Albrecht Schulte-Hostedde was brave enough to post one of his old rejection letters this on Twitter (text follows images). Albrecht prefaced this saying, “Lessons learned as a young and arrogant graduate student.”

Canadian Journal of Zoology
17 April 1997
File Number: Y1150

Mr. A.I. Schulte-Hostedde

Department of Zoology
Umversity of Guelph
Guelph. Ontario NlG 2W1

Dear Mr. Schulte-Hostedde:

Subject: Patterns of Association in a Temperate Rodent Community

We have sent your paper out for re-review. Neither reviewer has been convinced by your rebuttal and as a consequence we have decided to reject your paper. We are returning the paper to you.

Neither reviewer has provided comments for transmission to the authors. Let me, however, add some comments of my own, since I detect that you may not understand the nature of the review process. We try to select reviewers who are knowledgeable and objective and who understand the role of the Canadian Journal of Zoology as a generalist journal. They are volunteers who support the discipline by committing some of their time to helping authors get their work into an acceptable form. In your case both reviewers had a number of substantive suggestions for improvement. We indicated that the paper was unlikely to be accepted without major revisions.

Your revisions were anything but major. So far as I can determine, they consisted of changing the title and adding a short section on predation. Under such circumstances we sometimes return the manuscript directly to the authors, asking them to try again. But in this case, there was an extensive rebuttal, and we thought that the reviewers should see that. The reviewers have, as I say, not been convinced, and they are both deeply disappointed by the nature and tone of your response. To quote one of them “if the authors do not respect the reviews I do not know why they would want to publish their research in the Canadian Journal of Zoology nor do I understand why the editors would accept it.”

You are just beginning your career. Let me take off my editorial hat and, as a person who has been publishing in the field for more than 40 years, offer some advice. Of the approximately 200 papers which I have published, only two were accepted without change. Of the remainder, I have invariably benefited from the advice of the reviewers. I think that you would be wise to regard the reviewers not so much as gate-keepers, but as persons who volunteer helpful advice.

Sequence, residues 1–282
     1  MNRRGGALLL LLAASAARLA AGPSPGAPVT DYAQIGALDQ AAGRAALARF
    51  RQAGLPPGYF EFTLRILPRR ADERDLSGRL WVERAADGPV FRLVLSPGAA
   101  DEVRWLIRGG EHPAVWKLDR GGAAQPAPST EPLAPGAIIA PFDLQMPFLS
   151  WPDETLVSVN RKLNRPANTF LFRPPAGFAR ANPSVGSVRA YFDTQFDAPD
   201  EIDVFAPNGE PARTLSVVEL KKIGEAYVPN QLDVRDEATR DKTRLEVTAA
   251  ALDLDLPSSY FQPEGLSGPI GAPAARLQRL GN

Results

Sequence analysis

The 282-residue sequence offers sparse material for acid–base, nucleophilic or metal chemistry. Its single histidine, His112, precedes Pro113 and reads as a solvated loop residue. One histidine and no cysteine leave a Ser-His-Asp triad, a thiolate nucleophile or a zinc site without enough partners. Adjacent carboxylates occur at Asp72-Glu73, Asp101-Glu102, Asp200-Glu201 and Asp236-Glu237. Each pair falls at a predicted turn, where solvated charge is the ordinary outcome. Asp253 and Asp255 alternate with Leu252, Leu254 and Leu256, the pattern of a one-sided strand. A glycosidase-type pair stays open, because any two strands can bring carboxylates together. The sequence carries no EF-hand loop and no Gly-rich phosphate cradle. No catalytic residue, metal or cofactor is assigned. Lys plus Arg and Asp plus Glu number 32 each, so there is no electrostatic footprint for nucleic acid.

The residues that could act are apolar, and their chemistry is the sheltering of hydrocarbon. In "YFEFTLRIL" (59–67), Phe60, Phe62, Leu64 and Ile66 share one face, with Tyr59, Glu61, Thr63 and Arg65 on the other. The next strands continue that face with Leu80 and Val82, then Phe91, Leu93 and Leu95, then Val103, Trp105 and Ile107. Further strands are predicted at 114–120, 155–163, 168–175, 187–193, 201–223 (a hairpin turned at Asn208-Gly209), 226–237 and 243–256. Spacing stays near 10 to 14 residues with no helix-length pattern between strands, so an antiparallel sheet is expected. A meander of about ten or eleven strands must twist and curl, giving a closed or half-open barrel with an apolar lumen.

Yours sincerely,

K.G. Davey/A.S.M. Saleuddin

You know what? This was written by people who care both about the scientific enterprise, and the professional development of the author. This is mentoring. This is humane. You are far less likely to get this sort of interaction from posting draft manuscripts on pre-print servers and hoping people click “Like” bottons afterwards.

I know that this is an unusual, dare I say, exceptional bit of editorial advice. But if more editors worked like this, fewer people who would question the value of journals.

How to talk to professors in their offices

I see an amazing number of questions on social media and Quora and the like from students of all sorts where my answer is, “You have to talk to faculty.”

“How do I approach a professor about my class?”

“Should I include this information on my application?”

“Should I get authorship on this journal article?”

“How can I get more time with my professor?”

Dear students, program applicants, and the like: There’s no way to talk to faculty that guarantees you get what you want. There is no risk free, fool proof conversation outline. Professors are people, and at some point, you have to learn how to talk to people. You’re an adult. The professor is an adult. Have adult conversations.

You may be shy; I get that. I was, too. But trust me, your life will get so much better and less complicated when you ask questions to the person you want an answer from, not random people on social media. Embarrassment is momentary, knowledge you gain lasts.

And a good way to ensure you don’t get what you want is not to ask, or to ask the wrong person.

Talk to professors, not about them.